JAWAHAR SINGH SOBHA SINGH Vs. UNION OF INDIA
LAWS(P&H)-1957-8-10
HIGH COURT OF PUNJAB AND HARYANA
Decided on August 14,1957

JAWAHAR SINGH SOBHA SINGH Appellant
VERSUS
UNION OF INDIA Respondents

JUDGEMENT

- (1.) THIS reference to the Full Bench has arisen in the following circumstances.
(2.) THE Court of the Subordinate Judge at Amritsar returned a plaint to the plaintiff for presentation to the proper Court and this order was affirmed by a learned single Judge and later by a Division Bench of this Court. The plaintiff thereafter applied to this Court for an order directing the refund of court-fee of Rs. 2,025/paid by him in respect of the appeal in the High Court. As the amount of court-fee payable on the memorandum of appeal was paid in accordance with the provisions of the Court-lees Act and as the court-foe did not exceed the amount prescribed by law, the Court had no statutory power to accede to the request of the petitioner. A question then arose whether this Court has any inherent or implied powers, independently of the statute, to pay back a court-fee which has been correctly and lawfully assessed and collected. The attention of the Court was invited to two decisions of this Court in which two views, which were diametrically opposed to each other, were taken. In one case Discount Bank of India v. A. N. Misra, (S) AIR 1955 Punj 165 (A) decided by myself and Dulat, J. , it was held that the power of a court to order a refund of Court-fees is limited only to three cases, namely (1)when the refund is authorised by the Court-fees Act itself, (2) when excess Court-fee was paid as the result of a mistake and (3) when the excess payment has been made as the result of a mistaken demand by the Court itself. In Sohan Singh v. Oriental Bank of Commerce 1956-58 Pun LR 355 ; (AIR 1956 punj 215) (B) another Bench (Kapur, J. and Bishan Na-rain, J.) took the view that a Court has full power to grant refunds of Court-fees even when the fees have been collected in accordance with the provisions of law. As a considerable diversity of opinion has manifested itself between different High Courts and between different Benches of this Court, the Division Bench before which this petition came up for consideration has referred the following question to us for decision, namely. ''is the power of a Court to remit or refund Court-fees confined only to fees illegally or erroneously assessed or collected or does it extend also to fees which have been paid or collected in accordance with the provisions of the Court-fees Act "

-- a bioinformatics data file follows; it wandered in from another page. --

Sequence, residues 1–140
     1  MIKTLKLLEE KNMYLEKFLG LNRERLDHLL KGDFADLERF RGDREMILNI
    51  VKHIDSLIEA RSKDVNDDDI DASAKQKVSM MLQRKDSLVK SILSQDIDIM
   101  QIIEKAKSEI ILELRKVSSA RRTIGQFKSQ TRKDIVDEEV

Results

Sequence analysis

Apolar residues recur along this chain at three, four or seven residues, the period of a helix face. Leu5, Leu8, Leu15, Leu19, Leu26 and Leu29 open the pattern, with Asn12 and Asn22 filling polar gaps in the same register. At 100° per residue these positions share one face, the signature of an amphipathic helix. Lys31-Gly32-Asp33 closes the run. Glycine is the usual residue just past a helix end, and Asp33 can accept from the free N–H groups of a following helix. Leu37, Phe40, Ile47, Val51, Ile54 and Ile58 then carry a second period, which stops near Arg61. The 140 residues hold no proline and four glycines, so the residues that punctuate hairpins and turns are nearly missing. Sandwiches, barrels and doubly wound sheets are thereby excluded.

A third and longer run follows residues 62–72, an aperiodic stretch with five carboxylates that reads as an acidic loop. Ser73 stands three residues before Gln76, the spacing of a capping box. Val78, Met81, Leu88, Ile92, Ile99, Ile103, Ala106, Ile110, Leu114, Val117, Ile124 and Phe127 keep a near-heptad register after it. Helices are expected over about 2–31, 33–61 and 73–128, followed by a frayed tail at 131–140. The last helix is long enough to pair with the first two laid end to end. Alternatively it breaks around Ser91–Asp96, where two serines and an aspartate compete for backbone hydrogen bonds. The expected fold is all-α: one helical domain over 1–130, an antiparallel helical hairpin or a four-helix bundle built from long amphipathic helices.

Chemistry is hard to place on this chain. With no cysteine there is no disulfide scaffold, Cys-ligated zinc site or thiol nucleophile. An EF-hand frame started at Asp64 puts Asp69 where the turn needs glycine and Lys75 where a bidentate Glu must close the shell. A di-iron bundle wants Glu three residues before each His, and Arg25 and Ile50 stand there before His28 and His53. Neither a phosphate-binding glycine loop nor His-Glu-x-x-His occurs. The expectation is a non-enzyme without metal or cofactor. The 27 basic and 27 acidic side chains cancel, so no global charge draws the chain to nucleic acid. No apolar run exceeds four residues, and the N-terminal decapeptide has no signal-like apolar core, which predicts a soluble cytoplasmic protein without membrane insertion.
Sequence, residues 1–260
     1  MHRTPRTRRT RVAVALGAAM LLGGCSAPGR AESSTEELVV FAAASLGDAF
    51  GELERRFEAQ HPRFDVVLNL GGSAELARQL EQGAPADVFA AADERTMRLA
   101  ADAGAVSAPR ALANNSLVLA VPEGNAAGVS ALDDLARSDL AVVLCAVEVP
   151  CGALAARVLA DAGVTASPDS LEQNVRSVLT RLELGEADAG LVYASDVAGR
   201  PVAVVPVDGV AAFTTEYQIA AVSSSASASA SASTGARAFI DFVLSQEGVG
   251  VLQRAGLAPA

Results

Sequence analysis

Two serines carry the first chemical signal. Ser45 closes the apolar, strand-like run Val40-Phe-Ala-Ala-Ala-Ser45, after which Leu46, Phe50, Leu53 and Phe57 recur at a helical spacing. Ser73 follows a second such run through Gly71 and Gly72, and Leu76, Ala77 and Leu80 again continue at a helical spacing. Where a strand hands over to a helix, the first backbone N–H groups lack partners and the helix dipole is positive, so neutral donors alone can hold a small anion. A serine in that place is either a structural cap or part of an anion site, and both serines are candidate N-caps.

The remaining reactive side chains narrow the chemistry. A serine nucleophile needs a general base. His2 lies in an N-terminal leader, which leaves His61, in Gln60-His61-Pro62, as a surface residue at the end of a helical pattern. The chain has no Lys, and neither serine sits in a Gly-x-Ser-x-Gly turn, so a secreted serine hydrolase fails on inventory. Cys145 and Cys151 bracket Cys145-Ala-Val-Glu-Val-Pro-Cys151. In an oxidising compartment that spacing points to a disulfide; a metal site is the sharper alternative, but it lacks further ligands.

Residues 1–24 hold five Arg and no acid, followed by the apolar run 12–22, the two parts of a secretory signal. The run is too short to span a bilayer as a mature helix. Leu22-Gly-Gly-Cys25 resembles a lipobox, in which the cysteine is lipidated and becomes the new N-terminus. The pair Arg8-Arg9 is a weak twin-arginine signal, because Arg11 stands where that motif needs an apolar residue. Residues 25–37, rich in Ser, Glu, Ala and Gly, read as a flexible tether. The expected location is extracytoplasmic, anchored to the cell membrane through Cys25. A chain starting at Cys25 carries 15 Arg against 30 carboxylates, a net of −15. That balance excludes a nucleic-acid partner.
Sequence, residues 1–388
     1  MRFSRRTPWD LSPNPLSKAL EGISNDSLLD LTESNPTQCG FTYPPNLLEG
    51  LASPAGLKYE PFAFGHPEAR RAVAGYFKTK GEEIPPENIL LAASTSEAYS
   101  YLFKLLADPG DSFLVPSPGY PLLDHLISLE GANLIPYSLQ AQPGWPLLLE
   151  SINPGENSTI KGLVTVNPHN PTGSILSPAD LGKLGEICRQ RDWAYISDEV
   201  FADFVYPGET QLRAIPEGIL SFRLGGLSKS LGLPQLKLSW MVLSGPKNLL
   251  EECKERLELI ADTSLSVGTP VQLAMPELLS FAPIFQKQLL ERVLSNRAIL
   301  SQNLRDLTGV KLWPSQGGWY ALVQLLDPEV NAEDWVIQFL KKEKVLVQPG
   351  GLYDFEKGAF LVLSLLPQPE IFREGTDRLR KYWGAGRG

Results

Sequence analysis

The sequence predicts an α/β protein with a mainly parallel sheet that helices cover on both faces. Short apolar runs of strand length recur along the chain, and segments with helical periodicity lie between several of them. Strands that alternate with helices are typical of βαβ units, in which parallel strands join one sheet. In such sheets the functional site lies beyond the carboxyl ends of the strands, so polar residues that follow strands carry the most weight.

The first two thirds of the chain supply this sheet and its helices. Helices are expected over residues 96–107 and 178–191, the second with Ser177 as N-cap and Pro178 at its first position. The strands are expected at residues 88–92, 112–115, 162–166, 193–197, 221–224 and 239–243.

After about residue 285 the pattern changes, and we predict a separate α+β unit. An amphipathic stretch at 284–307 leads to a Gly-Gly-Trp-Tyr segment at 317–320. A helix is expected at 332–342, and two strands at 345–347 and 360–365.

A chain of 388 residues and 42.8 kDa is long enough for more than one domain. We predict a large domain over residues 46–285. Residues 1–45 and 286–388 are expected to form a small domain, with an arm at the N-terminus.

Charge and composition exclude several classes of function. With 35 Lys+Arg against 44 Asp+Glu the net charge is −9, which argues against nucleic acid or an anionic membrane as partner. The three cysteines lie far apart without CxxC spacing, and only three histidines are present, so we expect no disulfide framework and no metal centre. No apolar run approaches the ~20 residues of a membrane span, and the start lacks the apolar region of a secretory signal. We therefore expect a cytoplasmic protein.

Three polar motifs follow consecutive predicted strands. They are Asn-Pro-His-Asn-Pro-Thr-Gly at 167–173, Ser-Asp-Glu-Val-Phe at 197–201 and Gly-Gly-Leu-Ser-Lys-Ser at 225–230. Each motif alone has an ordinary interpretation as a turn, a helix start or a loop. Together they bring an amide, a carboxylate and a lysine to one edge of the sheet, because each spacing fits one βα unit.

(3.) THE statutory power of a Court of law to authorise refund of Court-fees is embodied in four sections of the Court-fees Act. Section 13 provides for a refund of fee paid' on memorandum of appeal in two cases, namely (1) where a plaint or memorandum of appeal rejected by the lower Court on any of the grounds mentioned in the Civil Procedure Code is ordered by the appellate Court to be received and (2) where a suit is remanded in appeal on any of the grounds mentioned in Order 41, Rule 23 of the code of Civil Procedure. Section 14 deals with a refund of Court-fee on an application for review of judgment. Section 15 provides for a refund where the Court reverses or modifies a former decision on grounds of mistake. Section 19-A provides for relief where too high a Court-fee has been paid on applications for probate or for letters of administration. There can be no doubt that a Court has full power to order a refund of Court-fees in any case which falls within the ambit of any of these sections. As the express mention of one thing implies the exclusion of another, the express mention of the circumstances in which refunds can be allowed implies that refunds cannot be allowed in any other circumstances. In other words a refund can be allowed in exercise of the statutory jurisdiction of the Court if and only if a case falls within the ambit of any one or more of these four sections. The statutory jurisdiction of the Court will carry us no further.;


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